Tyrann Mathieu will be a hotly contested prospect for various NFL teams. His failed drug tests due to marijuana use ended his playing days at LSU in August 2012. Mathieu’s subsequent arrest in October 2012 for marijuana possession reveals the depth of his problem. The former LSU All-American’s off-field troubles will see his draft stocks decline. He’ll have to be in excellent physical condition in the NFL Scouting Combine and interview surprisingly well to convince a team to spend a third-round pick on him.

As a soccer player, Mathieu could provide an NFL team with a playmaker in high school. The 2011 Bednarik Award winner is too small (5’9 “and 175 pounds) for an NFL cornerback, but he plays big for his size. The” Honey Badger “earned his nickname with his fearless play, competitiveness and Turnover Capability In fact, Mathieu may be a better free safety than the NFL cornerback.

The best part of Mathieu’s game is his strange instincts. The 2011 Heisman Trophy candidate finds the ball and makes plays. He’s like a small version of Troy Polamalu with the way he can tackle stoppage tackles, blitz, fumble, break passes and make interceptions. An NFL team may not make the best use of Mathieu’s ability if they see him strictly as a cornerback. His small size will make him more vulnerable to being dominated by bigger and stronger professional receivers. He doesn’t have a technical textbook as a cornerback.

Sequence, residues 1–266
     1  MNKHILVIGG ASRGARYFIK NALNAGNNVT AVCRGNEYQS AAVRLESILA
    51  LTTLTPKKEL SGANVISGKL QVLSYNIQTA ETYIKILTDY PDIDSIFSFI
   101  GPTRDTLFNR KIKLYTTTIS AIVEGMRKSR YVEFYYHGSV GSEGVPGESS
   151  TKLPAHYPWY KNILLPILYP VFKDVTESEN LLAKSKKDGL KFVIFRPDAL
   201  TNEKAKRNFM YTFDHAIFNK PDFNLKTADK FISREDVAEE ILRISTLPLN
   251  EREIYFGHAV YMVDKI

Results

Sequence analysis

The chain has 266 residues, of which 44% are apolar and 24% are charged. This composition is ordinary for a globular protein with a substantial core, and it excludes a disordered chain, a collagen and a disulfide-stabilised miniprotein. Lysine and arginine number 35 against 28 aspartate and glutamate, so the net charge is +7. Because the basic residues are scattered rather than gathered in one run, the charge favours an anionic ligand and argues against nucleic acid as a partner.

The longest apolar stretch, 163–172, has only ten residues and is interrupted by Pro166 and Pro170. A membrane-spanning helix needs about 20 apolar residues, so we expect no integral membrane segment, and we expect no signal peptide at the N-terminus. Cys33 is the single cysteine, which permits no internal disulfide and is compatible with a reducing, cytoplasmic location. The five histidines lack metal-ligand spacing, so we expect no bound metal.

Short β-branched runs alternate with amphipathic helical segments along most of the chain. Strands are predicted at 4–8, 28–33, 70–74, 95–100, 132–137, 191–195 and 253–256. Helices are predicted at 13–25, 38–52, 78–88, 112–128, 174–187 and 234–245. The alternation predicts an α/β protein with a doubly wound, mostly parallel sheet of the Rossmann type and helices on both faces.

Mathieu in free safety could use his cool soccer instincts to fly all over the field and be disruptive. His fast and strong hands are adept at dislodging the ball. There have been some free little safeties that were successful in the NFL. Thomas Everett (5 ‘9 “and 185 pounds) and Jim Leonhard (5’ 8” and 185 pounds) are just a couple of examples. Mathieu is an aggressive player who is not shy about coming up and making a tackle. His quick feet and ability to dodge also make him a dangerous kick returner.

It will be interesting to see which team and in which round Tyrann Mathieu will be selected in the 2013 NFL Draft. The youngster clearly has room to mature and has made mistakes. Most NFL teams will see you as a slot cornerback and a kick returner. However, there could be an NFL coach who sees him as a disruptive free safety who becomes a nuisance to opposing offenses.

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